Just at the moment it is a bit of a struggle fitting everything in to the day. All things I enjoy, but I am being pulled in so many different directions….having to ration cups of tea with friends at the moment as I just don’t have time. If that means you, I am really sorry!
Anyway, I am trying to organise my days so I can fit in a wee bit of sewing first thing, followed by paperwork and by lunch time make sure I am stripping wallpaper in the front bedroom.
There are some achievements from my efforts, for example my very organised fabric stash (I won’t show you my haberdashery and art supplies drawers, as a lady should not post photos of her drawers!)
I have cleared out a load of craft books and magazines I am hoping the WI ladies will take away with them at the next Crafty Night In and made some shelf space. However, there is one spot I am going to have to leave empty for Max the cat!
In addition, yesterday I had one of those wonderful days when you get to realise a project you had only ever seen in your mind. I popped in to the Plush Addict website to get some more linen look cotton (great for book bags) and stumbled across some fabric with a newspaper print. It called to me…“Sue, Sue, buy me and turn me in to a paper boat made from fabric..!”. Yesterday I did just that.
I made a paper version first to get the right size rectangle to start with and used it as a pattern (plus seam allowance) to cut two pieces of the fabric and one of interfacing. Ironed the interfacing to one of the fabric pieces then sewed the two fabric pieces right sides together, turned it inside out, ironed it and top stitched around the outside. Then I just made up the paper boat, ironing at every stage and hand sewing a few stages to help it keep it’s shape. I know I should be modest, but I confess I am a wee bit chuffed at how it turned out!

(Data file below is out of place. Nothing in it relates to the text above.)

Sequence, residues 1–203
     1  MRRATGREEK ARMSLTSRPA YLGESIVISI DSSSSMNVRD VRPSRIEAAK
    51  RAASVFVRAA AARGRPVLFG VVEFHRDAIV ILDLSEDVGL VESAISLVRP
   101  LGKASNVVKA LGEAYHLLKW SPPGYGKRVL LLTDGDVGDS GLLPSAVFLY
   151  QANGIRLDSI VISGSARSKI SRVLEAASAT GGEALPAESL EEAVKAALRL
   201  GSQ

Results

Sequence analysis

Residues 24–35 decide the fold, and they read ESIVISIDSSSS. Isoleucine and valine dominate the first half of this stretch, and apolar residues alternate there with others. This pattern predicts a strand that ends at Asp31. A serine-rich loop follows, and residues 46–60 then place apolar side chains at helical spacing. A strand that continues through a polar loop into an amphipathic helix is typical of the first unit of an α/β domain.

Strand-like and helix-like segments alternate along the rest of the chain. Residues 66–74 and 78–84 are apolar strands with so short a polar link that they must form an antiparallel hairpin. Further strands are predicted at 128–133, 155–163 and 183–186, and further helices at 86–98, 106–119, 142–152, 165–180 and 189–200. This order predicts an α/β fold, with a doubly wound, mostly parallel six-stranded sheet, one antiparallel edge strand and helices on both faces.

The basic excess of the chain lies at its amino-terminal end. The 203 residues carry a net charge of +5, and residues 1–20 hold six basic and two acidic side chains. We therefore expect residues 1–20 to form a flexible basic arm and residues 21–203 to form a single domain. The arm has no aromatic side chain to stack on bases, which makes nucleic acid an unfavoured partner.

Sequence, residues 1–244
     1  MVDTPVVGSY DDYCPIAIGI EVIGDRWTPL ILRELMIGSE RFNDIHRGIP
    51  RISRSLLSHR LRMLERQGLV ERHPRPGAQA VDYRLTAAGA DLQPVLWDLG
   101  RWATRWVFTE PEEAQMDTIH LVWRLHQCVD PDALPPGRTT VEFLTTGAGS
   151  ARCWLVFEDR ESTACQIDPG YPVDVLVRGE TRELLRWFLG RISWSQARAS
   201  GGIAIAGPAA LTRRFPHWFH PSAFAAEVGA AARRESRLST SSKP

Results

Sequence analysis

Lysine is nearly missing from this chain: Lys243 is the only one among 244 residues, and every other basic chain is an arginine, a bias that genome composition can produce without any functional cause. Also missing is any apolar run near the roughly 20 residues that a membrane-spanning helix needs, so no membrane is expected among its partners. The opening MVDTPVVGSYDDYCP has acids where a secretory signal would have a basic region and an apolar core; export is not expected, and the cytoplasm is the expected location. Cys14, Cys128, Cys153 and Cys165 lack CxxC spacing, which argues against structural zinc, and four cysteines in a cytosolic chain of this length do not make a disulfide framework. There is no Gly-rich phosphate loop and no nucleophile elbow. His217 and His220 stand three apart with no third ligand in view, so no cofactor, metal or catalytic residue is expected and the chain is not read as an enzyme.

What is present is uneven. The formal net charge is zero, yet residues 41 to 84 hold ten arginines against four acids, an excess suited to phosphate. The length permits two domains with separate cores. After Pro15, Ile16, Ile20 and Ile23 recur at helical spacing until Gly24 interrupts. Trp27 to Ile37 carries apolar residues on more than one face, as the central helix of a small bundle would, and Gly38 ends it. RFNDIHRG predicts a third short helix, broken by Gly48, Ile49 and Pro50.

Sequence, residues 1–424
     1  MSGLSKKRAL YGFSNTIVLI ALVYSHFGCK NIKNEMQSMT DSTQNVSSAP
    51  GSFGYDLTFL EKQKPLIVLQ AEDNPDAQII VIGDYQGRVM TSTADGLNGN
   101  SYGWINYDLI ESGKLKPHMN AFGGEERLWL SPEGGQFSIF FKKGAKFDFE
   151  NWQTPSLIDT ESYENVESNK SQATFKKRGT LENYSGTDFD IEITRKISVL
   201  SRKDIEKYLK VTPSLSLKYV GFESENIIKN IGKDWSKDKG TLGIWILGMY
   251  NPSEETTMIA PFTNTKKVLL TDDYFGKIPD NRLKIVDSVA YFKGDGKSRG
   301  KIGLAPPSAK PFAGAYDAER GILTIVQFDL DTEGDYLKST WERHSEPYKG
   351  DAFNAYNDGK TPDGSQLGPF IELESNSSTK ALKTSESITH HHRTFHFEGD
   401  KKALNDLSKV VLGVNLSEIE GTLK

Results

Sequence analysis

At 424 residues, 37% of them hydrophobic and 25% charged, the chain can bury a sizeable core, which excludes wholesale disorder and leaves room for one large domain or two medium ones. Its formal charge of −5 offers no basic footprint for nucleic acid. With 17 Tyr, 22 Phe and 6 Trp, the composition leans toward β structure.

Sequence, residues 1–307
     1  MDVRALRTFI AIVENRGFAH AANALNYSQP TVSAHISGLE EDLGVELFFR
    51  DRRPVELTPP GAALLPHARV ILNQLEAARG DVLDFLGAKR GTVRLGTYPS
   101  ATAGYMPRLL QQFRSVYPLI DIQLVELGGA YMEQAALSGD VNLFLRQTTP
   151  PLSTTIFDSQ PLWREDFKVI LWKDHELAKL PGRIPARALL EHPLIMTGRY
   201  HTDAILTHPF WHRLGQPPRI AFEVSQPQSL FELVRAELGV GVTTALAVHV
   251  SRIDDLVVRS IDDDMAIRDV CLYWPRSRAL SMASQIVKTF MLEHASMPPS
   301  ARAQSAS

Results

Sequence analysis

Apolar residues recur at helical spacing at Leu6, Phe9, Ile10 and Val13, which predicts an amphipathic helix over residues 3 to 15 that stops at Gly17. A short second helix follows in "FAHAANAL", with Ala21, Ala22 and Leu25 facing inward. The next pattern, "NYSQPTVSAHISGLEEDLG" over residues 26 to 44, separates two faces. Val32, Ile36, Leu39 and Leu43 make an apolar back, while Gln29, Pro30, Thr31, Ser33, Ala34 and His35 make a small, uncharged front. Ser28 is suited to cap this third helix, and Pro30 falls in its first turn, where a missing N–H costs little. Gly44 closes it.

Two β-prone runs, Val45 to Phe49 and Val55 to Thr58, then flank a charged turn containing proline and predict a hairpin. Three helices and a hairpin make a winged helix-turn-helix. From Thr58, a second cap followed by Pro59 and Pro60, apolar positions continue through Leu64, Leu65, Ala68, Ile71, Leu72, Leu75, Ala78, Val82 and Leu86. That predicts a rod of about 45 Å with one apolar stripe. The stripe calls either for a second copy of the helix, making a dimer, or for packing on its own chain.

In addition, last week I had a short telephone interview about crafting and well-being; the way having something to create and to focus on helps deal with anxiety and depression. It is all the more pertinent with the sad news of Robin Williams’ suicide. I am very fortunate and haven’t had much trouble at all with anxiety or depression over the last couple of years, but I am aware of how it lurks in the shadows looking for an opportunity to creep back. One of the reasons I wanted to do the interview is that I believe we should talk about how we feel. Anxiety and depression are not signs of failure, just of being human, and talking about it helps us know we are not alone and that there is always the choice to keep on living…the darkness will pass. It is so sad that the world has lost someone who brought so much to people’s lives through his work.